The campaign launches with a a dedicated book and few selected whiskies to demonstrate and showcase G&M experience in matching spirit and cask. The book, written by Neil Ridley & Joel Harrison of World’s Best Spirits, is excellent reading and covers all the aspects of wood and casks relevance to whisky production: from the basics on different oak types (American vs European) and the expected flavors derived from those kinds of oak, cask sizes, previous liquid impact and how is it being managed in the warehouse (although I wish that part would be longer!).
The second part of the book concentrates on matching the distillery character (spirit profile) with the correct casks and the implications of such matches – maturation period, what is supposed to happen during that time, how the distillery character and casks counterbalance one each other until the desired flavor is reached and the whisky is bottled.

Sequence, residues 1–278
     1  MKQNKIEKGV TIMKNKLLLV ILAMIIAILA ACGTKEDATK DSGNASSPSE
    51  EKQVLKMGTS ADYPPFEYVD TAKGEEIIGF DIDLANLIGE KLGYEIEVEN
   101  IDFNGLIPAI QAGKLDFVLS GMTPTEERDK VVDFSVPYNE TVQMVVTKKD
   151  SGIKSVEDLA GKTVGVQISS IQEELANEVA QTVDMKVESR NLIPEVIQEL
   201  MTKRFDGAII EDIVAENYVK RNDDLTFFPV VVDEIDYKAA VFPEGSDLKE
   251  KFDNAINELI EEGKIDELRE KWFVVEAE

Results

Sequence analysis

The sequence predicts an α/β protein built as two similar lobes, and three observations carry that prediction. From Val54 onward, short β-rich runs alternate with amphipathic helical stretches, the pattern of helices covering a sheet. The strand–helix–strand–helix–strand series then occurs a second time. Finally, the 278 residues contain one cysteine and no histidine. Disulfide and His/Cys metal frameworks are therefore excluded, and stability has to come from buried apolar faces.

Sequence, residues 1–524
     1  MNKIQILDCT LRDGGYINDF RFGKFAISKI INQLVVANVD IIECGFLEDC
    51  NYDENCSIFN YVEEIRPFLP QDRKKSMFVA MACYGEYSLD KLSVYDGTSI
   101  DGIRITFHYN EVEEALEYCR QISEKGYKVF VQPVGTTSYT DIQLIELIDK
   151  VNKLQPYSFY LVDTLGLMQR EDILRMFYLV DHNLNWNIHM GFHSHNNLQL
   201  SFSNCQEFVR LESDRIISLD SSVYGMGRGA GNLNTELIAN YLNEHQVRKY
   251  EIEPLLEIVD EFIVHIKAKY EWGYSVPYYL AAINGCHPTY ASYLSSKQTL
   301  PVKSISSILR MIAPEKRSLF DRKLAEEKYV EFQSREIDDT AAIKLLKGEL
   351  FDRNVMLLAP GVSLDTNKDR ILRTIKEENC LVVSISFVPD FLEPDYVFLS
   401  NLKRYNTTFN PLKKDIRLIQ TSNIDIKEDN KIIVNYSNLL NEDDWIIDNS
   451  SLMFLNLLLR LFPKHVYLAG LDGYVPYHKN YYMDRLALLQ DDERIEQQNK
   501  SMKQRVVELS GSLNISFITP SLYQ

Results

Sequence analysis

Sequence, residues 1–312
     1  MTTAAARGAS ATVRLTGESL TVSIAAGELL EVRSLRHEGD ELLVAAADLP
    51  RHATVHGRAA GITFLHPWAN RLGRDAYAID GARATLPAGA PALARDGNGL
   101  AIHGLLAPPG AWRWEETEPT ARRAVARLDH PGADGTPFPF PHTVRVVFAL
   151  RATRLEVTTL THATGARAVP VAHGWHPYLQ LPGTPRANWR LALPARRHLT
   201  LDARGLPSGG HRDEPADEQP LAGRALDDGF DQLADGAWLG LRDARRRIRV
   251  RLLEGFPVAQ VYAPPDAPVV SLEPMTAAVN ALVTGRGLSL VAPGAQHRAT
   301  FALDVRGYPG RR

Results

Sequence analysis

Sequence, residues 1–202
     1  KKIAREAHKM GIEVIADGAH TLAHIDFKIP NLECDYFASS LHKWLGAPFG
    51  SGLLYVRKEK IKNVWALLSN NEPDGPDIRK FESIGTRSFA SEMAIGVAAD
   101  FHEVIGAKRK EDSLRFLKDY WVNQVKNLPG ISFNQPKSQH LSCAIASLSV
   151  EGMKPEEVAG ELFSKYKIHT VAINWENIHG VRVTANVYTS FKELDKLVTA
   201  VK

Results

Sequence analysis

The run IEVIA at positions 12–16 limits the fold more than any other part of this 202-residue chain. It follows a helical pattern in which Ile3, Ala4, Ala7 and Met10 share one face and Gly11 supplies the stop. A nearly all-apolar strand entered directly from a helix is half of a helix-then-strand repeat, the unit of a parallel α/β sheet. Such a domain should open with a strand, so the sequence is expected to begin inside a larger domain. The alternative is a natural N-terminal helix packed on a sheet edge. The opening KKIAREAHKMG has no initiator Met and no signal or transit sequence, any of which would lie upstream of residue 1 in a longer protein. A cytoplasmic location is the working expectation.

Along with the book I received a few samples of some of the selected whiskies for the campaign and today I’ll start with the younger one: 8 year old peated Bunnahabhain in a refill sherry casks.
The book tell us that Bunnahabhain distillery character is neither delicate nor heavy. The refill sherry casks means moderate sherry impact of spices, dried fruit. Let’s check it out then.
Macphail’s Collection Bunnahabhain 8 Year Old (43%, £28.80,€34.90)
Nose: Smoky, salty and fruity. One time cereals and then abundant of cured meat and fruit sweetness. There’s a great balance between the peat smoke and the sherry cask influence. The peat note is well rounded and is kept in check even over time when many young peated drams nose get overtaken by peat smoke. Getting fruitier over time: green melon and dried pears. Continue reading